Opinion - fugitive slaves and Pennsylvania press, 1854
The Pa. Press—Fugitive Slaves.
~A portion of the Pennsylvania Press—deeply dyed in the wool of Abolitionism—-are in the combatant habit of exulting- with fiendish delight over the escape of Fugitive Slaves and the discomfiture of their pursuers, bidding the former "God-speed" on the “Underground Rail Road," and applying various epithets of opprobium to the latter. We read with some indignation an article of this discription in the last Chambersburg Repository and Whig, copied from the Gettysburg Star and Banner, entitled “Slave Hunts in Adams County,” in which an account of the escape of some six or eight slaves from Maryland is given with undisguised complacency, and the disappointment of those who pursued them set forth in lively colors, and evidently enjoyed with an epicure’s gusto.
Now we ask these journals in all sincerity, both of which are otherwise well conducted, and printed within 20 miles of the Northern border of Washington County, whether this course of conduct on their part towards our people is not, to say the least of it, a mark of very “bad neighborhood?" and whether, moreover, it is not well calculated to produce a rupture of the friendly relations subsisting between citizens of a common country, residing near each other, although in different States, and daily interchanging kind offices? A candid must be an affirmative response.
Our people do not esteem it a crime to hold slaves as property, any more than the dollar-loving ancestry, of these Pennsylvania or Yankee editors did to sell the South such property a century ago.—~ Our forefathers purchased slaves from the vessels of Northern Importers, to whom we are indebted for this evil, if it be an evil, and taught their descendants to believe that they had the same legal and moral right to hold such property, as Pennsylvanians have to any of the “goods and chattles, lands and tenements” which they may possess.— We, therefore, naturally feel ourselves as grossly outraged in our private rights, when one of those slaves is spirited away from our domicils by a whining, canting Abolitionist, as Pennsylvanians usually do when a thief steals a horse from them, or a worthless free negro in the exercise of the "largest liberty", robs their hen-roosts; and if we were not a patient, forbearing, law-abiding and order-loving people ; if we did not know that two wrongs cannot make a right according to any recognised code of ethics; we should most certainly resort to measures of retaliation or reprisal as an indemnification for the heavy losses which we have from time to time sustained at the hands of some of our recreant neighbors—aye recreant to the Constitution and Laws of the United States—on the other side of Mason and Dixon’s line.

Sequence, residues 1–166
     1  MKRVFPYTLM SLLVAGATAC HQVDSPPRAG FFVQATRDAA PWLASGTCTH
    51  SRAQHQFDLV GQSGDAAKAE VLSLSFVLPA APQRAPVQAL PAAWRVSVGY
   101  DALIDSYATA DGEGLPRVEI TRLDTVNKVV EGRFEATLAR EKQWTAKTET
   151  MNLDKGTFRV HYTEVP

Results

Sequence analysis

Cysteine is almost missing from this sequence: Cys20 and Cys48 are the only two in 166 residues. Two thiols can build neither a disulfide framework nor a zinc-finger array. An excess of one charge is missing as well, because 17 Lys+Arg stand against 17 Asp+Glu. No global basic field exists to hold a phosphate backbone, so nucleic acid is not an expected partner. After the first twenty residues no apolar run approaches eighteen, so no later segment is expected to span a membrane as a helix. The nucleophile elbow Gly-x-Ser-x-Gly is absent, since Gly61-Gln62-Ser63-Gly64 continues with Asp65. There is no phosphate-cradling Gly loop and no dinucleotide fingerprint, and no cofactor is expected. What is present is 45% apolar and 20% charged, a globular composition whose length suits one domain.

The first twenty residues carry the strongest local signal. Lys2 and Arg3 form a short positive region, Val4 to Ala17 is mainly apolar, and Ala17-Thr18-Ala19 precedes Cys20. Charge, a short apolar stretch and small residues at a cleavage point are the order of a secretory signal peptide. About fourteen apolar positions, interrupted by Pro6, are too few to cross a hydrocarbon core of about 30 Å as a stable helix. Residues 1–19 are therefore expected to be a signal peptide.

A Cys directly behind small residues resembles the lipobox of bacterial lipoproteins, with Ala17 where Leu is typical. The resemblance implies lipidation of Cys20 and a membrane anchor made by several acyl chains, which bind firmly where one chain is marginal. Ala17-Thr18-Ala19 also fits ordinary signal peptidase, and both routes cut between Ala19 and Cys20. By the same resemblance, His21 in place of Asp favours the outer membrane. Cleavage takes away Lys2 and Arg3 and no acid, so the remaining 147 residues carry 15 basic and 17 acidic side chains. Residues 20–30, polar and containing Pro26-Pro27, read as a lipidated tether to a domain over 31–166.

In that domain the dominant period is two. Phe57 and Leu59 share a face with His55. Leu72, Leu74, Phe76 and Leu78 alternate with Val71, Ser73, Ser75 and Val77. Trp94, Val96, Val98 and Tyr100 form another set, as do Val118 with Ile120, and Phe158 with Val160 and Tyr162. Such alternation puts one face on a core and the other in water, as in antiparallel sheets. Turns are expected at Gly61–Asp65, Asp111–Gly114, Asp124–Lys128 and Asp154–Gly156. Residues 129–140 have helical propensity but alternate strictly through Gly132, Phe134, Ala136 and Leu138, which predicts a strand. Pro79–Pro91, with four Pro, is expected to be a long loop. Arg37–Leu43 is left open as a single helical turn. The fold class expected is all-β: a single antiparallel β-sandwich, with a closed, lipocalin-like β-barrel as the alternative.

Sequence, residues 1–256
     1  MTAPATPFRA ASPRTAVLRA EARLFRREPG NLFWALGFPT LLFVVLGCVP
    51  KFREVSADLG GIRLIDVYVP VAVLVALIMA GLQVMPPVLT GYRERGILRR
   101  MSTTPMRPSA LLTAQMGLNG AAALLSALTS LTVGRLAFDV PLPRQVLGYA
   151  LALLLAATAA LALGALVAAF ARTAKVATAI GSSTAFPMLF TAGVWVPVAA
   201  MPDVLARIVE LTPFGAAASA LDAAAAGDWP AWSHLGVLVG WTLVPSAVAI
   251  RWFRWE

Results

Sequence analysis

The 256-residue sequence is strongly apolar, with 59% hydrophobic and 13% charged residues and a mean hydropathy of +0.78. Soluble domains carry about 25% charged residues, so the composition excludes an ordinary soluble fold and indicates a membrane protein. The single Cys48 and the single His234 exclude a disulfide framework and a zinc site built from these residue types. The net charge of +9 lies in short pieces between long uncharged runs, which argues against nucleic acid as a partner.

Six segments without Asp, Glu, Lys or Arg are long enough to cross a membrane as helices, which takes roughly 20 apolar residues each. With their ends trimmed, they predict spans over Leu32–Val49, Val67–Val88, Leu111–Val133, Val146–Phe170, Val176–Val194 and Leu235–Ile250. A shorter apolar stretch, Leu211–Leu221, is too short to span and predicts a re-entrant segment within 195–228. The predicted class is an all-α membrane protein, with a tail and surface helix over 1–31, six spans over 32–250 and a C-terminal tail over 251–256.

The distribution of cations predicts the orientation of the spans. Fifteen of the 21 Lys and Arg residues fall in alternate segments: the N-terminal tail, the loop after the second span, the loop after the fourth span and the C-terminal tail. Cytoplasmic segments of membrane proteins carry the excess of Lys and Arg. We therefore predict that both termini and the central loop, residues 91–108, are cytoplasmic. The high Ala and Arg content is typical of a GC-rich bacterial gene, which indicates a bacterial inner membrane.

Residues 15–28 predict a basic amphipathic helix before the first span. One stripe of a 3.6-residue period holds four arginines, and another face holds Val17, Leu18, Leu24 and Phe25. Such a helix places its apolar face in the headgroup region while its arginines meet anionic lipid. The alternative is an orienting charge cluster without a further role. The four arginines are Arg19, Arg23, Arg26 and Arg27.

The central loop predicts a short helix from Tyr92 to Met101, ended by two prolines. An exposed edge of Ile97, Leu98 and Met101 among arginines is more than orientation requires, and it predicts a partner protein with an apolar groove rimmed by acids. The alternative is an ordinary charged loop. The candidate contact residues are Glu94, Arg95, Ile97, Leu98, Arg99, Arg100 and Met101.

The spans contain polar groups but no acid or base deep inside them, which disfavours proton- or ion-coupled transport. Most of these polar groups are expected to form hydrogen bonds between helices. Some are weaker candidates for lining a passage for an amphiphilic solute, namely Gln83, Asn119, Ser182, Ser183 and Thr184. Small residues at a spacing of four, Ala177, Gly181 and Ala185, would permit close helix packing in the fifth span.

We have, however, no disposition to spring upon the editors of the Whig and Star a controversy upon the subject of slavery ; but we do think that they could employ their pens to a better purpose than to indict articles of the obnoxious character of the one complained of, and to chuckle over the escape of slaves from their masters, many of whom are the sole dependence of aged widows and helpless orphans, and none but are better fed, better clothed and better treated in every respect, than the free negroes, who infest the suburbs of either Chambersburg or Gettysburg.
Herald of Freedom & Torch Light
Slaves, Western Maryland
Western Maryland, 1800-1864